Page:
• Wrong place, wrong time... Daniel Martin's crash on Stage 8 saw him exit the Vuelta. (EPA)Source: EPA
A major pile-up inside the final fifty kilometres of Stage 8 of the Vuelta a España has seen four riders exit the race, chief among them Daniel Martin (Cannondale-Garmin) and Tejay van Garderen (BMC Racing).
By
Cycling Central

30 Aug 2015 - 10:14 AM  UPDATED 30 Aug 2015 - 3:26 PM

The incident occurred as the peloton approached the first of two ascents of the third-category Alto de la Cresta del Gallo, the penultimate mountain prime 36km from the finish in Murcia.

According to reports, Kris Boeckmans (Lotto Soudal) was taking a drink when he hit a pothole on the road, which, in the ensuing mayhem, also brought down Martin, van Garderen and Nacer Bouhanni (Cofidis).

Boeckmans was the most seriously hurt with severe facial trauma including several fractures, concussion, three broken ribs and bleeding in his lung. At the behest of doctors, the Belgian is in a medically-induced coma at a hospital in Murcia.

It has been revealed van Garderen has a broken right shoulder and other injuries that will prevent him from helping his BMC Racing team defend its world team time trial championship in Richmond, Virginia next month.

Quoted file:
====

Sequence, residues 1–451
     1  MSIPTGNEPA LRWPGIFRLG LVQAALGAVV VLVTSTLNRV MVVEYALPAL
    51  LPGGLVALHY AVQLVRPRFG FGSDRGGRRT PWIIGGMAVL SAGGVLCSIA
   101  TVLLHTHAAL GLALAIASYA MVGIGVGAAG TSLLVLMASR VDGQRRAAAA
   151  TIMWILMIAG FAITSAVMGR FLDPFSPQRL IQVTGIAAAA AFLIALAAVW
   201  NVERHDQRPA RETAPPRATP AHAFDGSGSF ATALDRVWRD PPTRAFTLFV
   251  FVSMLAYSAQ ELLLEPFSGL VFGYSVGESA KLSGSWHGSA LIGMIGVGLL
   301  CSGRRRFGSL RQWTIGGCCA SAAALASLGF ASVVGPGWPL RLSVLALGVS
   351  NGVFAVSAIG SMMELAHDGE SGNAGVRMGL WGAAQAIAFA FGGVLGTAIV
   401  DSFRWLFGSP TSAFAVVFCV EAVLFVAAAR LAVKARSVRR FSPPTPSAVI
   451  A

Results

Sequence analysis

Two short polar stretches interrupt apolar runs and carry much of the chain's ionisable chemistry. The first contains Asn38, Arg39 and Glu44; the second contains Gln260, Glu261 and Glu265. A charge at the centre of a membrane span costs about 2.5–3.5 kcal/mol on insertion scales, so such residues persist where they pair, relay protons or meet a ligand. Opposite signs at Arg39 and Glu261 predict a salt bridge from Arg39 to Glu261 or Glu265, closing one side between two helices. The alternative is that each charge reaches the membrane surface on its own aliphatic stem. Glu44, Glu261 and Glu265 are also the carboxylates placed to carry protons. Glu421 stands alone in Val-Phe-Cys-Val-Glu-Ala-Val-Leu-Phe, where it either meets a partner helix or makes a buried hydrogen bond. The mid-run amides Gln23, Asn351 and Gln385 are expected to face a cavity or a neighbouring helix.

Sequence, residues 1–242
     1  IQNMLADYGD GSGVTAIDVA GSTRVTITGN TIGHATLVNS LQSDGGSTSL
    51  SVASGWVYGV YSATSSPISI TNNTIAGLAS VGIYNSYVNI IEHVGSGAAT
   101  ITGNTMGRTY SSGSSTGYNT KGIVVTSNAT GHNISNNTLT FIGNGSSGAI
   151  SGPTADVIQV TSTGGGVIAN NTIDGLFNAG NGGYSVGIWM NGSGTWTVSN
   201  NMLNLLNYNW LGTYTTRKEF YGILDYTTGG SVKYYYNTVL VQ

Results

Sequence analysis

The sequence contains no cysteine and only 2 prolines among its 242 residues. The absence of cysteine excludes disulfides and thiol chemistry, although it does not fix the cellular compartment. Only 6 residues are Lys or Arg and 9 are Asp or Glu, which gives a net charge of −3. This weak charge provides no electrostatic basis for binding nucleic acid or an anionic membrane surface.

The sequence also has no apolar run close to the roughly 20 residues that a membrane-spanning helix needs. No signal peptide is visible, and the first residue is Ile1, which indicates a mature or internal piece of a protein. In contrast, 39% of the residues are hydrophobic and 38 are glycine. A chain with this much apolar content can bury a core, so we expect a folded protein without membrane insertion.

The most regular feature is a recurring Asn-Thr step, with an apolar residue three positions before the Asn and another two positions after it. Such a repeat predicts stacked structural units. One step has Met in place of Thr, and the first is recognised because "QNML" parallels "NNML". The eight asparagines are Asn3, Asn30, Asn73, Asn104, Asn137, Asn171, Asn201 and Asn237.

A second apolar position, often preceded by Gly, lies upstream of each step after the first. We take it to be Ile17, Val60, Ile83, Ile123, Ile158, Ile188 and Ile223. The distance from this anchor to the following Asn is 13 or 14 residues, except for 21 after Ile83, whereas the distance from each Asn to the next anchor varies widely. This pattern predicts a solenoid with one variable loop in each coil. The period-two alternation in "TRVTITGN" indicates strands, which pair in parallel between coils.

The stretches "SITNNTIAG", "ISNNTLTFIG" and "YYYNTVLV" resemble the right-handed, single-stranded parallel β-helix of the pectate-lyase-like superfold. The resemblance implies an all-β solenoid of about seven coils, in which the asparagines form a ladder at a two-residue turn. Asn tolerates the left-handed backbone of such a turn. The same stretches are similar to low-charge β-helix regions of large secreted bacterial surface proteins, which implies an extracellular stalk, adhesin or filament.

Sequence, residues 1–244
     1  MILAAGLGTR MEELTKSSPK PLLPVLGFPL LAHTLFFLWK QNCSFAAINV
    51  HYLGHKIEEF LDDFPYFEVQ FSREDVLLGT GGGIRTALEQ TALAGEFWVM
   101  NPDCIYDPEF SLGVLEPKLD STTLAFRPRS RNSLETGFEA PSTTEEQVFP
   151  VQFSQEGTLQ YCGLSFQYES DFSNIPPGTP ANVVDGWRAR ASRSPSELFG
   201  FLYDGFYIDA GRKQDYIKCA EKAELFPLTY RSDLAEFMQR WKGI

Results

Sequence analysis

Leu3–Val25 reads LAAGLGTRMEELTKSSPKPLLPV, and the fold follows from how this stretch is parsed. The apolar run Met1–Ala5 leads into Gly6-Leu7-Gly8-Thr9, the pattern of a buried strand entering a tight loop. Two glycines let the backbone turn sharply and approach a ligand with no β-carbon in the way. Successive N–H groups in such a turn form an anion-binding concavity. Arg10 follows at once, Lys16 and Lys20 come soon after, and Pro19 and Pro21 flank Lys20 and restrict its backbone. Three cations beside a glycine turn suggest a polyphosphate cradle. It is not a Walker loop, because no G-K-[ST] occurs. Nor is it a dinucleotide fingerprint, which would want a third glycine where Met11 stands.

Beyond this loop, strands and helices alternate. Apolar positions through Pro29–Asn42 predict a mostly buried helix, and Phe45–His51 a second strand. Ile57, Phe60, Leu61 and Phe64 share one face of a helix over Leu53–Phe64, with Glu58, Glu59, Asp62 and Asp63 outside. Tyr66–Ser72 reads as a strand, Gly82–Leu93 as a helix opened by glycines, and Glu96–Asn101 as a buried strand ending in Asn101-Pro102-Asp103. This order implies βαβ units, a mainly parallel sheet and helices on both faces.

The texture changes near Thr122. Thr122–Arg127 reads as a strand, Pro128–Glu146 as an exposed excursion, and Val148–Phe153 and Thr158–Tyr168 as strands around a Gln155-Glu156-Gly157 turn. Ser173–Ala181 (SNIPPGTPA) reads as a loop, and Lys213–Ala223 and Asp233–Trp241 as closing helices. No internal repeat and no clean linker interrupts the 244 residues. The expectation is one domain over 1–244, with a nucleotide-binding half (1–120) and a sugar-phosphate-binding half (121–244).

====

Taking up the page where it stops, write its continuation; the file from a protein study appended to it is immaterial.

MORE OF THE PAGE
"I am really disappointed because I think I was prepared to do well in this Vuelta - and above all for my worlds preparation," he said. "But I am also thinking it could be worse. So now my thinking is to recover well and come back mentally stronger."

Team-mate Peter Velits said the crash was unavoidable. "We were all around Tejay because we were close to the climb and the final circuit. We were trying to move up and suddenly it happened right in front of us. We did not have a chance to avoid it. That is cycling, but it is never nice to see crashes like this."

A career first for the 27-year-old American, Van Garderen was riding a second Grand Tour in a season. At the Tour de France last month, a respiratory problem forced his withdrawal during Stage 17.

"It is a pity. Our team has lost a fundamental man," said BMC Racing Team sport director Yvon Ledanois, who directed van Garderen at both Grand Tours. "This Vuelta was an opportunity to do well for him and for the BMC Racing Team. I am sure he will come back stronger physically, and above all, mentally."

BMC Racing chief medical officer Max Testa said van Garderen fractured the head of his right humerus, and also has a contusion on the right side of his chest and a bruised right lung.

"He did not break a rib, but in the impact, he had a high speed blow to his lung," Testa said. "The hospital will keep him overnight and Sunday morning, they will re-check if everything is good. As soon as he is able to travel, he will come back to the United States where we can make a plan for his recovery."

"A Shimano auxiliary motorbike recklessly and dangerously drove into the peloton at high speed hitting Peter Sagan in his rear wheel." - Tinkoff-Saxo team statement